What concerned golf’s top officials is that players no longer were using an anchored stroke out of desperation to improve their putting, but as a way to putt better.
“There’s no argument that it’s a better way to putt because then everybody would be using it,” Pettersson said. “If it was easy, everybody on the PGA Tour would be using it. So I don’t know where they got that from. It’s just a different way of putting.”
The PGA Tour can set its own rules, and there has been speculation that when the rule passes, the tour would adopt it before 2016 to avoid the long putters getting too much attention over the next few years.
Bradley said a fan called him a cheater at the World Challenge, which prompted a statement from the USGA that reminded fans the putting stroke remains legal.
A spokesman said PGA Tour Commissioner Tim Finchem would not comment until a players’ meeting in two weeks at Torrey Pines. Pettersson won’t be at the meeting because he does not plan to play the Farmers Insurance Open.
“There’s so much speculation. I just wish people would say what’s going on,” Bradley said. “From what I’ve heard, the rule is not going in for three years. I haven’t heard what the tour is going to do. I know it’s a touchy subjection. I would prefer for it to go three years so we aren’t rushed into it. I think that would be the fair way to do it.”
Pettersson said he was surprised not to have heard from Finchem, and that his hope was that golf officials weren’t talking only to those opposed to long putters. He did say, however, that USGA executive director Mike Davis tried to call him a few weeks ago.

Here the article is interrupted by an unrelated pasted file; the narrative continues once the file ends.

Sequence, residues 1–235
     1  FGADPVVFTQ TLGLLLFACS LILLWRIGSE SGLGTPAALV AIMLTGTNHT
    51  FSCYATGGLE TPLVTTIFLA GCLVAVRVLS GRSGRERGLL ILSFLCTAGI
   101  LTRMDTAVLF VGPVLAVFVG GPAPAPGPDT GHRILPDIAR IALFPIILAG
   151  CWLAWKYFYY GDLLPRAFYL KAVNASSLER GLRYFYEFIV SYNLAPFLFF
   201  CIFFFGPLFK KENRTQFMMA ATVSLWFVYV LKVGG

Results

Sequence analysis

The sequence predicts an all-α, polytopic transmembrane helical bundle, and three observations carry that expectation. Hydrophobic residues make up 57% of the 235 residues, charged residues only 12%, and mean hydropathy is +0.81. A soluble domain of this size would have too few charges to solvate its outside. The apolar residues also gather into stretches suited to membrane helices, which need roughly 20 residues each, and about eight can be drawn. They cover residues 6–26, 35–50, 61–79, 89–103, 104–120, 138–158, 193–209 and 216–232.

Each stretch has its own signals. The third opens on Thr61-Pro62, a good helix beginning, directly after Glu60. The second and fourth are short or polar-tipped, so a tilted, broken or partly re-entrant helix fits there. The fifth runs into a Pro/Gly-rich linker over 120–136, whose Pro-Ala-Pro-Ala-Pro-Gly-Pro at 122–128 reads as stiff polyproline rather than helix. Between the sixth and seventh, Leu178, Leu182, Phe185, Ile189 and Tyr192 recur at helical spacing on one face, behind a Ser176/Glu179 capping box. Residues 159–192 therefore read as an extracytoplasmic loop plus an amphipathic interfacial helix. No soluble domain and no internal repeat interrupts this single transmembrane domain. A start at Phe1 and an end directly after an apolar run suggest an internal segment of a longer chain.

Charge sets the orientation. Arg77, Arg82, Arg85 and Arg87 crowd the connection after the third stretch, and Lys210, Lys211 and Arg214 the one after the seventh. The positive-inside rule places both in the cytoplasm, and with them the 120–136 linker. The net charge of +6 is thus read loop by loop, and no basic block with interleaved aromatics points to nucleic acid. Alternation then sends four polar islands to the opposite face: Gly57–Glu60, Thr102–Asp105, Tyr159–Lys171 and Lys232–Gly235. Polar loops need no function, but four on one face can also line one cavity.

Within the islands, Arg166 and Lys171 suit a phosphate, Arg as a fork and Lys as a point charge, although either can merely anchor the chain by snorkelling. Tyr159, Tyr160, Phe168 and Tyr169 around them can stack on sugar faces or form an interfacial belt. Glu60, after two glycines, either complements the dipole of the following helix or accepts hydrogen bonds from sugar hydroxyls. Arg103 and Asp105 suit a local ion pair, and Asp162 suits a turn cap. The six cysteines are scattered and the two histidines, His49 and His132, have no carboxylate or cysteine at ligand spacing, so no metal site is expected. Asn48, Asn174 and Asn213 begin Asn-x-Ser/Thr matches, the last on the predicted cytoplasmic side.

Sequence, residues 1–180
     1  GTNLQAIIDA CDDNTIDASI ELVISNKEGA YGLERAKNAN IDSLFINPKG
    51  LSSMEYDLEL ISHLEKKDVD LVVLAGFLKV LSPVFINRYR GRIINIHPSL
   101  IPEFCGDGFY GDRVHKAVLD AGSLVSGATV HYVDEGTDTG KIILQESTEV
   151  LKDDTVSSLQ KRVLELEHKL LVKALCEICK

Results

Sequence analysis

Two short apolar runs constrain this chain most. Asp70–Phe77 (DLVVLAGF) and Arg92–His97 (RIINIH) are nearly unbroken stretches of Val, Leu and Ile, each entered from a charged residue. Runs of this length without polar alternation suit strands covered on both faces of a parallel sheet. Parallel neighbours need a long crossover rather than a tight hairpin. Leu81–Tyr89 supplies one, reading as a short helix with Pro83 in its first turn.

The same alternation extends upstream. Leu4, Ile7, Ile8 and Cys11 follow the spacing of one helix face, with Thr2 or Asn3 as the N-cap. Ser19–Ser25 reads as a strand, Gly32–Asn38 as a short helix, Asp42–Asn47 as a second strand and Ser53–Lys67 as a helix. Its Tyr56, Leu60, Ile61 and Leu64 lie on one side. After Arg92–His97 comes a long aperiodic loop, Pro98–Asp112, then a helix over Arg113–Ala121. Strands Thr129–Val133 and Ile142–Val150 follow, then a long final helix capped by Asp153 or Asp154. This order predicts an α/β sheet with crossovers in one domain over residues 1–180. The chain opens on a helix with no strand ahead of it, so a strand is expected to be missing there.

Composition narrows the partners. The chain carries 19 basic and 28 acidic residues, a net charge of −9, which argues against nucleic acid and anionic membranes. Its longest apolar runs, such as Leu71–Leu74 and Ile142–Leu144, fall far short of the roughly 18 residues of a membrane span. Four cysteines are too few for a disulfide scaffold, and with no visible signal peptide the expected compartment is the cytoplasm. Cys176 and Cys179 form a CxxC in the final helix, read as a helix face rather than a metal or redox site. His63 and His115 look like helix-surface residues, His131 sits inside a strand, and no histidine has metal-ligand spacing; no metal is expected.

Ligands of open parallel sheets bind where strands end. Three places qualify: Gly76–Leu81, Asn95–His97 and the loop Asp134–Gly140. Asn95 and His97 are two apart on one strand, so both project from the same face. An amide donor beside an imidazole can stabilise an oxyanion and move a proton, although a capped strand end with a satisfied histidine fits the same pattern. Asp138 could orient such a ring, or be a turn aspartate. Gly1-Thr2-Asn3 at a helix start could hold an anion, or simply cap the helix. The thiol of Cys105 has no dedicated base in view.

“I didn’t know it was him, so it went right to my voicemail,” Pettersson said.
Did he call him back?
“No,” Pettersson said. “I just didn’t want to talk about it. And there’s nothing I could do.”
Davis said he has tried to call a number of players who use long putters before and after the announcement of the proposed rule.
“I’ve just reached out and said, `If you want to talk about it, I’m happy to, but don’t feel you need to call back,’” Davis said. “We realize there are two sides _ many sides _ to this issue and we just wanted to reach out. It’s not so much to try to convince them of our point of view, it was more listening to theirs.”
Davis said with two months remaining in the comment period, “It has gotten extremely quiet.”
'Your papers, please' must never be heard in America
Independent voices from the TWT Communities
Political satirist and Christian apologist Bob Siegel discusses religion and politics.
Columns from Voices around the World talking about the events, people, politics and social issues that concern us wherever, and whoever, we are.
What does the middle-class conservative think about everything? Find out here.
Benghazi: The anatomy of a scandal
Vietnam Memorial adds four names
Cinco de Mayo on the Mall